Falling infection rates to the lowest level since January and President Xi Jinping’s visit to Wuhan yesterday suggest all is returning to normal in China.
Some are looking for a V-shaped bounce back and maybe even a softer hit to Q1 GDP growth than previously feared.
A Reuters poll of Economists reported last week a revised growth forecast for the first quarter, falling to a median of 3.5% this quarter from 6.0% in the fourth quarter of 2019 — optimistically, a full percentage point lower than predicted in their last poll Feb. 14.
But the FT has poured cold water on such rosy predictions, quoting Bert Hofman, director of the East Asian Institute at the National University of Singapore, who predicts first-quarter growth year might be negative, falling somewhere between -2.0% and -6.5%.
Hofman, a former China country director for the World Bank, went on to say, “Services and consumption now contribute more than half of China’s GDP. The economy is, therefore, more sensitive to a drop in domestic demand resulting from the epidemic and the government’s control measures. It is harder to make up lost grounds in services than it is in manufacturing.”
Zhang Anyuan, chief economist at CITIC Securities, is quoted as saying, “How is it possible for the economy to achieve positive growth in the first quarter when more than 1bn people stayed at home for nearly a month?”
Even though Beijing has embarked on the gamble of directing firms to restart and is reportedly subsidizing workers’ travel to encourage a rapid return to factories and workshops, it is by no means clear how quickly positive growth will return.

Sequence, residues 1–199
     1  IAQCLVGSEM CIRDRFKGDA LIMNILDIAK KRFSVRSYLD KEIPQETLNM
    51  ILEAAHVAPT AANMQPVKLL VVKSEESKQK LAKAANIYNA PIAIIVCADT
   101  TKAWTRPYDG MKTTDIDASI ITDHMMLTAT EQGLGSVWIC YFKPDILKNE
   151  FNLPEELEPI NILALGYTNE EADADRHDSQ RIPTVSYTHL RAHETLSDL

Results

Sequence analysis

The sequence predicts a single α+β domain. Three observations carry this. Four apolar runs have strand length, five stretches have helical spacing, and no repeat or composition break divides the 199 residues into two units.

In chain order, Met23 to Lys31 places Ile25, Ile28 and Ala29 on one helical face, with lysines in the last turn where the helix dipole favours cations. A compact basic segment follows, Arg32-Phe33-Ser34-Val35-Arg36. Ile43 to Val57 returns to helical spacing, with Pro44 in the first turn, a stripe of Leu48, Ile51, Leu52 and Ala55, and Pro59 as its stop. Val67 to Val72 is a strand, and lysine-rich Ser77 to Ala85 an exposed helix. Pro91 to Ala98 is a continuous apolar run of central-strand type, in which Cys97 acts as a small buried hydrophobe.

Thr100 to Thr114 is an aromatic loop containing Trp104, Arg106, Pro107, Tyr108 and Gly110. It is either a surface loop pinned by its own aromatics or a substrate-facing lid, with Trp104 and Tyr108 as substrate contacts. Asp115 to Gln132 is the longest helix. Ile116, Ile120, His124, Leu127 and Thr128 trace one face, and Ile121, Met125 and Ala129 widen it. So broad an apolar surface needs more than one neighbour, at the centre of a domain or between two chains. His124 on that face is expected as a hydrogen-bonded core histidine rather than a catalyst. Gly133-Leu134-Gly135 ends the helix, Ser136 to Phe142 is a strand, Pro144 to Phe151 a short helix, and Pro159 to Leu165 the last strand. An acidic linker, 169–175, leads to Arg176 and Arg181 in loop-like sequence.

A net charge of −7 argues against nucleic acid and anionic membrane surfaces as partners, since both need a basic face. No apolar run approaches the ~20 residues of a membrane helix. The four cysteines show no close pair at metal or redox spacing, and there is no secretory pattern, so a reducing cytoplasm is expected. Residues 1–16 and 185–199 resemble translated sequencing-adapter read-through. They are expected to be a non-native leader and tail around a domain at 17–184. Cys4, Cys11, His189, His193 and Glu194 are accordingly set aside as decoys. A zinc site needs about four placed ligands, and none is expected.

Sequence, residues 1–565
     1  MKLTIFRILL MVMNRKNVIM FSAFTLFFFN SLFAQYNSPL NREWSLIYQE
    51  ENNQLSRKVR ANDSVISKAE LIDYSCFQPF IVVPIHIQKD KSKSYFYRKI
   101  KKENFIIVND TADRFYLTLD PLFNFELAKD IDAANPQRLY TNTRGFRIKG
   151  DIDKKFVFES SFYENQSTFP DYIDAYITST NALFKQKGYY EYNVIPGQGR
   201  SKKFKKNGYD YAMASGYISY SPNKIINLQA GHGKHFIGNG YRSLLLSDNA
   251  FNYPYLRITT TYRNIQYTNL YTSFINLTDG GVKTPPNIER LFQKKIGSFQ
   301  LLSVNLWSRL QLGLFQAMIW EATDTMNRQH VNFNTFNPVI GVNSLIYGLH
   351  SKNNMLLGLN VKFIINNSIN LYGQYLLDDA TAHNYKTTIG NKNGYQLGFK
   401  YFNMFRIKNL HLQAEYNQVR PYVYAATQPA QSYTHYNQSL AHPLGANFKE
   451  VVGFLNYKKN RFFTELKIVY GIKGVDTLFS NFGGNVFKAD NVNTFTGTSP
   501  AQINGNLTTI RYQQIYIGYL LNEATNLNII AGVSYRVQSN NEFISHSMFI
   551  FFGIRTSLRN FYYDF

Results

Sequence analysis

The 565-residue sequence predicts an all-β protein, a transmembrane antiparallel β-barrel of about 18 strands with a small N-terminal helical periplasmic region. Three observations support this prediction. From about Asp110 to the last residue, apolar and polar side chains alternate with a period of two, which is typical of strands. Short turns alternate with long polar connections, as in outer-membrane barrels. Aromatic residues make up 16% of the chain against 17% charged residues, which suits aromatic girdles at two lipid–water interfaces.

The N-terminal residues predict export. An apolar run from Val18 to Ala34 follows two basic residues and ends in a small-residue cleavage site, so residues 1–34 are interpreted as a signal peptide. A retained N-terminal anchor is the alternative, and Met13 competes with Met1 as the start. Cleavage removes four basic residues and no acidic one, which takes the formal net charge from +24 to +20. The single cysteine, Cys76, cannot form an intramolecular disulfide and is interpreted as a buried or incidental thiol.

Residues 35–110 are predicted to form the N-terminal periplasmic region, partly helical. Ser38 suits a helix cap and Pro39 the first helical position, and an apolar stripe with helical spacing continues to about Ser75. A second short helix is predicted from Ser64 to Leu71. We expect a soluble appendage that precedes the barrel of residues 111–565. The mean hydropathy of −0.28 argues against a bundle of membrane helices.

Steel mills, for example, are running at a relatively healthy 77% capacity utilization. However, inventories are already at record highs, while anecdotal evidence suggests demand remains very weak.
Infrastructure stimulus measures will undoubtedly create growth, but the impact is deemed likely to be limited this year, with the majority of projects not getting underway until 2021.
Some industries, like tourism, will take much longer to recover. International tourist travel still remains banned. The population has been so traumatized that domestic tourism is unlikely to pick up anytime soon for fear of a resurgence and potential lockdown in the event of localized infection rates rising again.
Therein lies a gamble at the heart of China’s efforts to stimulate an economic recovery.
Stringent efforts are being made to restrict social contact and suppress infections. At the same time, life needs to return to some semblance of normal for the economy to recover.
At the same time, export industries have taken a hit. There will be some companies that find massive pent-up demand, like electronics, where the supply chain was initially ruptured by the lockdowns. Other more transactional businesses, like metals, will be returning to work just as export markets head south due to rising infection rates in those export markets – South Korea, Italy, Japan and, increasingly, other European markets.
Export growth of 7.9% in December collapsed to -17.2% in the January-February period, with all major export destinations contracting.
Rather than a V-shaped recovery, a much more gradual and spluttering recovery is now appearing more likely.
ANZ reported a collapse in PMI estimates, with sub-indices such as production, new orders, and new export orders down to 27.8%, 29.3%, and 28.7%, respectively.
The potential for China to lift global GDP if Europe, the U.S. and mature southeast Asian markets slow in the face of the spreading virus, therefore, appears limited in the first half of this year.
China will struggle to achieve 3-4% growth for the year as a whole. Even that figure would suggest a rapid return to 6% growth from Q2 through to the end of the year, which is highly unlikely in a country still generating, according to The New York Times, nearly 100 new infections a day.
China can’t afford to risk a “return to normal” just yet.